• Next I select 300dpi as the resolution. It is very important that the resolution of the document matches the resolution of the target device. The target device in this case is either the printer in your studio or your brother stencil machine. Both of these devices print 300dpi. If you set your resolution lower than 300dpi your artwork will print blurred and it’ll make a terrible stencil.
  • Finally I select RGB/16 – Adobe RGB(1998) for the colour space. If you work in Black and Grey select Grey/16  – GreyD50.

The Interface

The Affinty user interface is 95% identical to Photoshop, so if you’re migrating you’ll quickly feel at home with with Affinity Photo
The logic behind Affinity Photo is just the same as Photoshop, however, you might have to look for a few things in other places, even though 95% of the features and menu items will be in the same spot in the top menu.
The right side panels are also very much like those you find in Photoshop. You have the layers panel, history panel, adjustments panel and all the other things you already know from Photoshop. Working with masks and selections is also almost the same as in photoshop
One of the major differences is that Affinity Photos workspace is divided into personas that are accessible through buttons at the top bar.

The different personas group related features together. This makes the interface slightly less cluttered and a little more user friendly than Photoshop.

Ipad Gestures

The familiar hand tool that we’re used to using for interacting with documents on desktop versions is massively upgraded when it meets the iPad. Moving, scaling, zooming and rotating are all done intuitively with your fingers. 
You can also hold one or two fingers on the screen as a modifier for controls such as Shift and Alt.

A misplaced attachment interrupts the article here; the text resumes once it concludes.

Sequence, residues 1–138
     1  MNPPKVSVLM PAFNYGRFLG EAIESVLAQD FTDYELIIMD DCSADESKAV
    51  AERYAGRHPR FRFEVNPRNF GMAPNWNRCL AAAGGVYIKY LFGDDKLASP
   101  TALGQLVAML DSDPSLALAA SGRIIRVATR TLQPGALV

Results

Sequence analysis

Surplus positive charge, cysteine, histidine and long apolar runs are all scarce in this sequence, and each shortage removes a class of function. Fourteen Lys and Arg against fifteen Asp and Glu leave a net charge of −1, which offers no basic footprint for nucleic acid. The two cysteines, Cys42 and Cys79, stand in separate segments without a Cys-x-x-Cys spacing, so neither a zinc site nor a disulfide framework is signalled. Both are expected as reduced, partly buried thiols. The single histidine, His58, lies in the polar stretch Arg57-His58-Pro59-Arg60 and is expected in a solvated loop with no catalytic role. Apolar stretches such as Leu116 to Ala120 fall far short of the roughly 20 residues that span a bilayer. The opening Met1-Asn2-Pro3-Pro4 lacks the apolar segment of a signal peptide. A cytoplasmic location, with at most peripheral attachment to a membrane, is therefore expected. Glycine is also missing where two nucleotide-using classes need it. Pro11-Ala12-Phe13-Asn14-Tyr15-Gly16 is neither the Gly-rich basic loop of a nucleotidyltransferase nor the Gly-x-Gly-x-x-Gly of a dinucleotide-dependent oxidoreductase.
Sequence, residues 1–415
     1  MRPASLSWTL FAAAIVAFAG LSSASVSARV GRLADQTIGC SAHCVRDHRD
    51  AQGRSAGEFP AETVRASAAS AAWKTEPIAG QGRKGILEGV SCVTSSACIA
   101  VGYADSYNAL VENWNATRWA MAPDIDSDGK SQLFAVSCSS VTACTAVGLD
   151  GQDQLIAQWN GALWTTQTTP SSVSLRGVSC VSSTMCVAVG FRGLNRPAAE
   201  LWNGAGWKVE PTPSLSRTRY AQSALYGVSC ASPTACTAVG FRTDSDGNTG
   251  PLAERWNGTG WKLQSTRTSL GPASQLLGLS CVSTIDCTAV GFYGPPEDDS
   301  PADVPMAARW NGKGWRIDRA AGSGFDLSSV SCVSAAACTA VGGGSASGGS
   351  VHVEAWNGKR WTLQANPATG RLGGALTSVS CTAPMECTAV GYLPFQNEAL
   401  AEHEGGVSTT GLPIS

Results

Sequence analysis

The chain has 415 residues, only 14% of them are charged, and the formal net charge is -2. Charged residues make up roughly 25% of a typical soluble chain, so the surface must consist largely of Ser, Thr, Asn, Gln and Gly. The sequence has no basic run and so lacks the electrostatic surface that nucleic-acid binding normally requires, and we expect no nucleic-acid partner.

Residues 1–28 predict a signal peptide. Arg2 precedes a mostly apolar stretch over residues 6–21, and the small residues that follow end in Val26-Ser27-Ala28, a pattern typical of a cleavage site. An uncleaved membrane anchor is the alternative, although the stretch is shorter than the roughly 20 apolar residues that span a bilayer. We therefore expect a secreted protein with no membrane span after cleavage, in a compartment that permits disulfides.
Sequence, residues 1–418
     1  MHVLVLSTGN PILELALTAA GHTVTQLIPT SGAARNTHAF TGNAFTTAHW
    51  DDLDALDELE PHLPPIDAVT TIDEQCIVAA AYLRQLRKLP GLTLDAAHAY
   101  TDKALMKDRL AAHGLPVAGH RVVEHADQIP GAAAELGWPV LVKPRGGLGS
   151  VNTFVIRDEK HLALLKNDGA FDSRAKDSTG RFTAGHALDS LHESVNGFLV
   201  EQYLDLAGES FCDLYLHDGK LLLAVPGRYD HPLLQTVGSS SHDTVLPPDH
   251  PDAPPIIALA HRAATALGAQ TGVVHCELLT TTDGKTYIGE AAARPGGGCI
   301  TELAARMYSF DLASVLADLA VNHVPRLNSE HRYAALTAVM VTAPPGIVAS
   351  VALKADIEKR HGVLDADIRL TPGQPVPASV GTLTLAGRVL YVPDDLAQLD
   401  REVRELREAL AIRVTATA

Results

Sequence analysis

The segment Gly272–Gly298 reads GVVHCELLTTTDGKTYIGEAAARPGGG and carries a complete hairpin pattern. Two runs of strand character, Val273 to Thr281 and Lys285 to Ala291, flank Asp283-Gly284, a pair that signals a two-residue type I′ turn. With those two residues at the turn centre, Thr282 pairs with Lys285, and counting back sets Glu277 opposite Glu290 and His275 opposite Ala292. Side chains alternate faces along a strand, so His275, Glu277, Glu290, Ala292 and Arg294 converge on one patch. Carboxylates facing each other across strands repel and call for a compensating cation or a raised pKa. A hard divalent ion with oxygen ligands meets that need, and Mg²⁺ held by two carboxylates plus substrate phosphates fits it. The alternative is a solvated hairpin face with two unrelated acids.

How to Zoom in Affinity Photo

You zoom in and out by placing two fingers on the screen and then pinching. If you pinch outwards, you will zoom in, and if you pinch inward, you will zoom out.
You can also adjust the Zoom by going into the Navigator found on the right-hand side of the screen.

How to move in Affinity Photo

To move the document, simply take one finger, touch, and drag. Make sure the View tool is selected. If you have another tool selected, like the Paintbrush tool, you will want to use two fingers instead of one, so that you won’t apply the tool.

How to Rotate in Affinity Photo

To rotate, you will first have to go into the Navigator, as Rotate is turned off by default. Once it’s turned on, you can rotate by using the rotation dial within the Navigator or by making a pinch and swivel motion.
To reset your canvas’s angle, click the rotation dial, input 0, and hit OK.

How to Redo and Undo in Affinity Photo

Redo and Undo are also controlled using gestures. You can Undo by doing a two-finger tap on the canvas.
Redo by doing a three-finger tap on the canvas.

How to Duplicate, Delete, Cut, and Copy in Affinity Photo

If you hold down on the canvas with one finger, a quick context menu will open up containing theDuplicate, Delete, Cut, and Copy options.
Selections and Layer Masks in Affinity Photo